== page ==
(More snippets from the blog tour! This one was written for the Australian Romance Readers!)
Thanks for having me back for another visit the day before my new book, Fatal Affair, launches at Carina Press. I thought I’d talk to you all today about one of my favorite places to visit: America’s capital city!
Driving into Washington, D.C. at night from the Northern Virginia side of the Potomac River is one of my favorite things to do and see. On the far right by the Tidal Basin is the Jefferson Memorial and Washington Monument. I never look at Jefferson that I don’t think of my late dog Roscoe getting a big idea to jump in the freezing water many years ago and us having to fish him out. Oh how we laughed! He was not the sharpest tool in the shed sometimes!
Moving along the waterfront we come to the Lincoln Memorial, Kennedy Center, the Watergate, and Georgetown University. As we cross the 14th Street Bridge, airplanes leaving Ronald Reagan National Airport fly overhead, so close that it feels like you could reach up and touch them. Looming in the distance, the U.S. Capitol stands watch over the entire city. Just crossing the bridge, you begin to feel the heartbeat of Washington.
I’ve driven over the bridges that lead into Washington hundreds of times and that night view never, ever gets old for me. There’s something so magical about the monuments lit up at night, especially Lincoln. Before the mid-1990s, I had only visited Washington as a tourist. In 1996, I was hired by a company headquartered in Alexandria, Virginia, which is just over the 14th Street Bridge from the city. Suddenly, I was in and out of Washington all the time, and I soon discovered there was a lot more to the city than what the tourists see. For one thing, there is traffic. Lots and lots of traffic! There are beautiful neighborhoods and then there are desolate stretches marked by poverty and neglect. America’s capital city is no different in many ways than most other large cities, but the monuments lend an aura of history and magic that make it a one-of-a-kind destination.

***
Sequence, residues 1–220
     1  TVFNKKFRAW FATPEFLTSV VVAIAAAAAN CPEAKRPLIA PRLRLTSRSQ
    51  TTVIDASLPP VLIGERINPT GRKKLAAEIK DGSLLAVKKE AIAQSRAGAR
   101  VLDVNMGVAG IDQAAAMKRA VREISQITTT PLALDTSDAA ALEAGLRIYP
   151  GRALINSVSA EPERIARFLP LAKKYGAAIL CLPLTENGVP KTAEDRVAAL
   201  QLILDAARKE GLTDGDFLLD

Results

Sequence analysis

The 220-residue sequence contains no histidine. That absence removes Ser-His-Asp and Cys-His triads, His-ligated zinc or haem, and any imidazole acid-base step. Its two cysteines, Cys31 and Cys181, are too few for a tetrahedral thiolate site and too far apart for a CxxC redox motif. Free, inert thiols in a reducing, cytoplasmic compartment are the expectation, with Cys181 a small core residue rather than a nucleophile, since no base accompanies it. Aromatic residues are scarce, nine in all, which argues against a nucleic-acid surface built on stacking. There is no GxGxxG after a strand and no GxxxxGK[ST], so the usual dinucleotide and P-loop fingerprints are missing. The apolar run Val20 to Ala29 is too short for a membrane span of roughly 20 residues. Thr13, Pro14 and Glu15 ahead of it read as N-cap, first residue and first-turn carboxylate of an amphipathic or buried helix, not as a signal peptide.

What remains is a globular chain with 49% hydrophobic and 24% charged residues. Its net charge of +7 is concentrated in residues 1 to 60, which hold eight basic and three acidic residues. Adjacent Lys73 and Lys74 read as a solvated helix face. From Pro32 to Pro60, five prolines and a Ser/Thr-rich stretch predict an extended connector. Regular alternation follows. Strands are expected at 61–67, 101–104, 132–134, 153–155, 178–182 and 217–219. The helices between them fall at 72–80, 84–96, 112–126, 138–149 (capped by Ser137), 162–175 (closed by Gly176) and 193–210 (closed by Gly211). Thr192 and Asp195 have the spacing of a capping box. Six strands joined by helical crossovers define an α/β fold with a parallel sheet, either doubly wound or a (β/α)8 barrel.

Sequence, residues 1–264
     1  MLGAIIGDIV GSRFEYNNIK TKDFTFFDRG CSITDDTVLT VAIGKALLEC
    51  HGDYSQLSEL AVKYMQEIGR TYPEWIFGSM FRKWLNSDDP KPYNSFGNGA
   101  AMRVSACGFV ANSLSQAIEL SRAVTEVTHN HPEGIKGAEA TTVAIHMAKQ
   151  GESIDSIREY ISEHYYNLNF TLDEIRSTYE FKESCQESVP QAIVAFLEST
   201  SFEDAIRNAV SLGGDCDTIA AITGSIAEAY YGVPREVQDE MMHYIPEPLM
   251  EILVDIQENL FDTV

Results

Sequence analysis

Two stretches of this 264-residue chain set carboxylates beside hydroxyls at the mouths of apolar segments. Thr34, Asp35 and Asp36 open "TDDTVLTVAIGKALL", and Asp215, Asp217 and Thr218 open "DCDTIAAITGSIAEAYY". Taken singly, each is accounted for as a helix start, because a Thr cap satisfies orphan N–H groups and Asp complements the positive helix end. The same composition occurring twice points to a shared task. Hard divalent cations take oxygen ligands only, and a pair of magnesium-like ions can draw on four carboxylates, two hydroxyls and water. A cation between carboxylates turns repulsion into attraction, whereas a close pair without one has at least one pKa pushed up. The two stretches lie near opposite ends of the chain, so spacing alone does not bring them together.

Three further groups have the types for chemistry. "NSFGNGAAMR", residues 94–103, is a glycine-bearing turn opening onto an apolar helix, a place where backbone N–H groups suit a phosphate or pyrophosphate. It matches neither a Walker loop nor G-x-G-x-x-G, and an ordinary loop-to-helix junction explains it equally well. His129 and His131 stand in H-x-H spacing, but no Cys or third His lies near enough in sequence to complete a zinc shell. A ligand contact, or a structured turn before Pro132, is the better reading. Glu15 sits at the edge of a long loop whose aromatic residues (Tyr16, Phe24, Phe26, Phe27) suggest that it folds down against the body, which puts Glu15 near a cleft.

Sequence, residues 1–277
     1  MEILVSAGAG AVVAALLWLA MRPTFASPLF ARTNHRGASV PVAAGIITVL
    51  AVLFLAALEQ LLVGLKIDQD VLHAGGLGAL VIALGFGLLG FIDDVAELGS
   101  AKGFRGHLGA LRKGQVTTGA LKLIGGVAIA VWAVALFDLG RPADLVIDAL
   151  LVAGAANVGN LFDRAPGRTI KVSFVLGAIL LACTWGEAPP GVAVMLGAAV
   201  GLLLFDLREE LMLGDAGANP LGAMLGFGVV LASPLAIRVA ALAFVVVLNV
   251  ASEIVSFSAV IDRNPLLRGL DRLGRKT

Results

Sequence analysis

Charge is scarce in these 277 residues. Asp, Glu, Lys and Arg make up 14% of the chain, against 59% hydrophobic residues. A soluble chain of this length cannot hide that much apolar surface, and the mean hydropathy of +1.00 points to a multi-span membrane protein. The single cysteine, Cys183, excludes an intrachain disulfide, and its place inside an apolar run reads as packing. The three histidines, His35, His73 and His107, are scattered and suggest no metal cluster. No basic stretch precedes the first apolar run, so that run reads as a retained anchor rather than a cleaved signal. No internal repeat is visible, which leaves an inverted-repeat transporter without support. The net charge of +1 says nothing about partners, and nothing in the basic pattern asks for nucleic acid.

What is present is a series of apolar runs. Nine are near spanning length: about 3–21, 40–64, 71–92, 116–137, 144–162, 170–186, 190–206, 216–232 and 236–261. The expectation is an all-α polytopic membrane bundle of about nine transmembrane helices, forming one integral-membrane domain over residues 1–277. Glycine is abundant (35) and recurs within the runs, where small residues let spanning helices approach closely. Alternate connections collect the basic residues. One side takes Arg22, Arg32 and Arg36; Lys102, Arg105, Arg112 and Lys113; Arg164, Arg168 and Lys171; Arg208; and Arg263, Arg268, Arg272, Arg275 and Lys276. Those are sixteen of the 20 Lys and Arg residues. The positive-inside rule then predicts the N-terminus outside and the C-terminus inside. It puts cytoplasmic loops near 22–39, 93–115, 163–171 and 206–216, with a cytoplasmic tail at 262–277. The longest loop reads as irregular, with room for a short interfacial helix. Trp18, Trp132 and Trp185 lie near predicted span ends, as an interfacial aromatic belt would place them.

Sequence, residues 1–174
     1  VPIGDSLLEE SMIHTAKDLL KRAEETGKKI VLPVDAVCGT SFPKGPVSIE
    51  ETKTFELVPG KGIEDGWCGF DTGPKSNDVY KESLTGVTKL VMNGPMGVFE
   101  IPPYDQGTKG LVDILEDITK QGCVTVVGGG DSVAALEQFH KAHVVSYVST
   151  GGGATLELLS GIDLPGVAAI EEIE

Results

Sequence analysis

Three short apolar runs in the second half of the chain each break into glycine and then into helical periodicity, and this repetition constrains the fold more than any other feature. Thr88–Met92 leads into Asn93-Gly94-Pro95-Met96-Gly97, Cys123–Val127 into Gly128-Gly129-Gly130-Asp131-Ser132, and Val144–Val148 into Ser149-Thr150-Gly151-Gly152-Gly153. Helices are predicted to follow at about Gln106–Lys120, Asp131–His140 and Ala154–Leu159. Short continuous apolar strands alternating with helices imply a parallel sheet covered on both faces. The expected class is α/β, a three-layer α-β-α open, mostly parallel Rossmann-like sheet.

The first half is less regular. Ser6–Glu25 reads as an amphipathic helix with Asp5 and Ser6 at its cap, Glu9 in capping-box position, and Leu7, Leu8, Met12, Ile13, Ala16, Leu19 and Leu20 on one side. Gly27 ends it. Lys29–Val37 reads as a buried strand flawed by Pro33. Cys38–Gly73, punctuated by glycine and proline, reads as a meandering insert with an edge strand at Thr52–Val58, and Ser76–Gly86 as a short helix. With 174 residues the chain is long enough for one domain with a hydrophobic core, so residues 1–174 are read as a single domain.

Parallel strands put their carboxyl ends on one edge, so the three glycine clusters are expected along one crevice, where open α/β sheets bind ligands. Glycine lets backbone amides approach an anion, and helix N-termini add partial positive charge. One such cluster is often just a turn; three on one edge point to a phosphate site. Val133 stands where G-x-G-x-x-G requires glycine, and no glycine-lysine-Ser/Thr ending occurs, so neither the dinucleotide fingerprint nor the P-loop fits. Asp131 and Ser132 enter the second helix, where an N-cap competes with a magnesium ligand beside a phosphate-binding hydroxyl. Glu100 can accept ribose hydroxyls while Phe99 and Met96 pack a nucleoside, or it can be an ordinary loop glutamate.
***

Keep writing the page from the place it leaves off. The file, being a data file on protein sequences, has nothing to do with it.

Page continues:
Often when starting a book, one of the biggest decisions authors face is where to set their story. However, when starting Fatal Affair, I knew a United States Senator was going to be found dead in his Washington apartment. The idea of setting a book in one of my favorite cities was exciting. And then Fatal Affair grew into a series, and Fatal Justice will soon follow, also set in Washington. As I ponder book 3 in the Fatal Series, the opportunity to set multiple books in Washington makes me giddy with writerly joy.
I’m curious about your impressions of Washington. Have you visited America’s capital city? Or just seen and heard about it on T.V. and in the news? Do you follow U.S. politics at all? What do you really think of what goes on in Washington? Honestly! I want to know! :-)